4
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Suppose that you have a metric $g_{\mu\nu}=\phi^2\eta_{\mu\nu}$ for some function $\phi$. There is a standard formula for what the scalar curvature $R$ looks like in terms of $\phi$, which is given by (in dimension 4)

$$ R=-\frac{6}{\phi^3}\eta^{\mu\nu}\partial_\mu\partial_\nu\phi. $$

In trying to derive this result, I keep ending up with

$$ R=-\frac{1}{\phi^4}\eta^{\mu\nu}\big(\phi\partial_\mu\partial_\nu\phi-(\partial_\mu\phi)(\partial_\nu\phi)\big). $$

Is there something obvious I'm missing that allows one to rewrite the latter as the former? Or (what is far more likely, given the long, tedious nature of this derivation) did I simply manage to mix something up somewhere along the line? (In which case I'll just have to go back through the computation yet again, since it would be awful to type it all up here...)


EDIT: Since I'm calling it a "standard formula," here are some references it shows up in:

-- This paper by Einstein and Fokker

-- It is implied by an exercise from Misner, Wheeler, Thorne, which is all about getting the point of the above paper:

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For which the relevant equations are:

enter image description here

-- More generally, it is a standard result about what happens under a conformal change in metric, as can be found in most references on the subject, e.g. on the Wiki page for formulas from Riemannian geometry:

enter image description here

The latter equation, in dimension 4 and with the original metric being $\eta$, gives the my "standard" result (where $\phi$ is what they denote by $e^{\varphi}$).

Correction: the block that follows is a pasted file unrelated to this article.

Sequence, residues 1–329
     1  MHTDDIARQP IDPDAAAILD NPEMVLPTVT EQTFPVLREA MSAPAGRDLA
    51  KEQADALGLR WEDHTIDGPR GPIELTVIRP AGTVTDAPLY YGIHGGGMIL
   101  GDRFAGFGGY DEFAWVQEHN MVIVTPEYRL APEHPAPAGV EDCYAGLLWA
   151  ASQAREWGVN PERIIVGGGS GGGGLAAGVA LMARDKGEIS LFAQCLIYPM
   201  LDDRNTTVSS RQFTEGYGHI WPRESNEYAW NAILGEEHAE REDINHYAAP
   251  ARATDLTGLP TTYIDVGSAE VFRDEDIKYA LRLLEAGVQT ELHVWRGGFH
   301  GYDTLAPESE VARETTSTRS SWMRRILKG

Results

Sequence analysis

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    $\begingroup$ if $\phi$ is strictly a function of time, then you have the flat robertson walker universe. I'll take a look and hopefully get back to you. $\endgroup$ – R. Rankin May 26 '16 at 20:09
  • $\begingroup$ Unfortuantely, I believe $\phi$ is just a general function of spacetime here. $\endgroup$ – user99292 May 27 '16 at 2:14
  • $\begingroup$ The problem I'm working on is find the Ricci scalar for: $\bar{g_{\mu\nu}}=a(t)^{2}g_{\mu\nu}$ $\endgroup$ – R. Rankin May 27 '16 at 3:48
  • $\begingroup$ for a general metric, just so you know, I treated it like a full function until the end, and got the the same answer as you (times 3) in taking all metric derivatives to be zero (your case). What source is your standard result from? $\endgroup$ – R. Rankin May 27 '16 at 3:54
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    $\begingroup$ Updated to include a few references. :) $\endgroup$ – user99292 May 27 '16 at 7:05

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